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The heavy-hitting song is a follow up to his previous track “Out of Touch,” which dropped in April. It uses a striking sample from former Vancouver rock band We Are The City’s “WHEN I DREAM, I DREAM OF YOU.”
On the track, Shad laments the daily hustle of job hunting, and the taxing exhaustion of being on the grind. “Talk is cheap, I should know/Given that I rap for what I eat,” he spits. Digging deep into the politics of labour and hustle culture, he ponders the endless cycle of work, noting that he can sleep when he’s dead. Although the lyrics hit close to home for many people who have experienced job losses since COVID-19 swept the globe, the song was actually written before the pandemic began. Sadly, Shad tells Complex, it’s even more timely now.
“I knew I wanted to write a song specifically about two aspects of work: One, the way so many of our jobs are disconnected from a sense of meaning and purpose, and from the people and places they impact. And two, just the increasing precarity and scarcity of work,” he explains. “Also as with ‘Out of Touch,’ I wanted the song to hold both the irony/humour and heaviness of our situation.”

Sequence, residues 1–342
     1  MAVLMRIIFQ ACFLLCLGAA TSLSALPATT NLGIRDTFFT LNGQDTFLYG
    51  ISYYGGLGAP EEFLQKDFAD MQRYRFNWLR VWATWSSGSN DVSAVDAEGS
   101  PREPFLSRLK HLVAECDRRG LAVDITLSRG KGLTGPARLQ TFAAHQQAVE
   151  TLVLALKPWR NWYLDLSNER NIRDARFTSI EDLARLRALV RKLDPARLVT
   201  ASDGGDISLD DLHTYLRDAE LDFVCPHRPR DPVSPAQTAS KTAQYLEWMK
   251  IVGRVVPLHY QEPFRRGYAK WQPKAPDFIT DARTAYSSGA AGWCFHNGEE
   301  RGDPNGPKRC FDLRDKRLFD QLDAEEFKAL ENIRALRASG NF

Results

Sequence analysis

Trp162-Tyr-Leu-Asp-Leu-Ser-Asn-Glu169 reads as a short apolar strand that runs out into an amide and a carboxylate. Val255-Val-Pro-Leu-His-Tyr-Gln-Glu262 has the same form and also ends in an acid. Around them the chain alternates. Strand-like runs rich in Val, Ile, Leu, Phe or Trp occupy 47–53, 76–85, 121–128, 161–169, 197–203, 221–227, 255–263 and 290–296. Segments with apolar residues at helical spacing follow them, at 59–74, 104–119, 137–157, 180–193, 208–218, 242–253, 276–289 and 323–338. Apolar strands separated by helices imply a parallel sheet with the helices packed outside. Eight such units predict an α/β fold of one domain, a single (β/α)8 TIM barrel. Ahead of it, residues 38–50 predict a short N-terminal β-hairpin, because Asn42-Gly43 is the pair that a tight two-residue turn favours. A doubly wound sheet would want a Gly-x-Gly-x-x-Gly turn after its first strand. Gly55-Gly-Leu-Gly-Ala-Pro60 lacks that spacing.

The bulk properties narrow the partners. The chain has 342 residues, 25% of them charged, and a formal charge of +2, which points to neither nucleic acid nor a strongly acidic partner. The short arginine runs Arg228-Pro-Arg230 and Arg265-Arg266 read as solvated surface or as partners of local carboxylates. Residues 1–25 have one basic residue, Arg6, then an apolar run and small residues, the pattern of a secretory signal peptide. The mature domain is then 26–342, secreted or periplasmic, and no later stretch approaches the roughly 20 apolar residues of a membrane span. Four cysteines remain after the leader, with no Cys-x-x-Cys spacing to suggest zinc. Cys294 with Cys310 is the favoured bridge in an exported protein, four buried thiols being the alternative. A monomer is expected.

Tapping into his humour is what pulls the track up from being too dark, and also gives him the space to offer up some commentary on everyday problems. One striking verse touches on the gentrification of fashion, ripping into the how those in poverty can’t afford to look poor anymore. It’s not the first time the rapper has referenced the perils of financial inequality, as it was one of the persistent themes on his 2018 Polaris-shortlisted album A Short Story About a War.
Currently, Shad hosts the docuseries Hip-Hop Evolution, and he has more new music dropping later this year.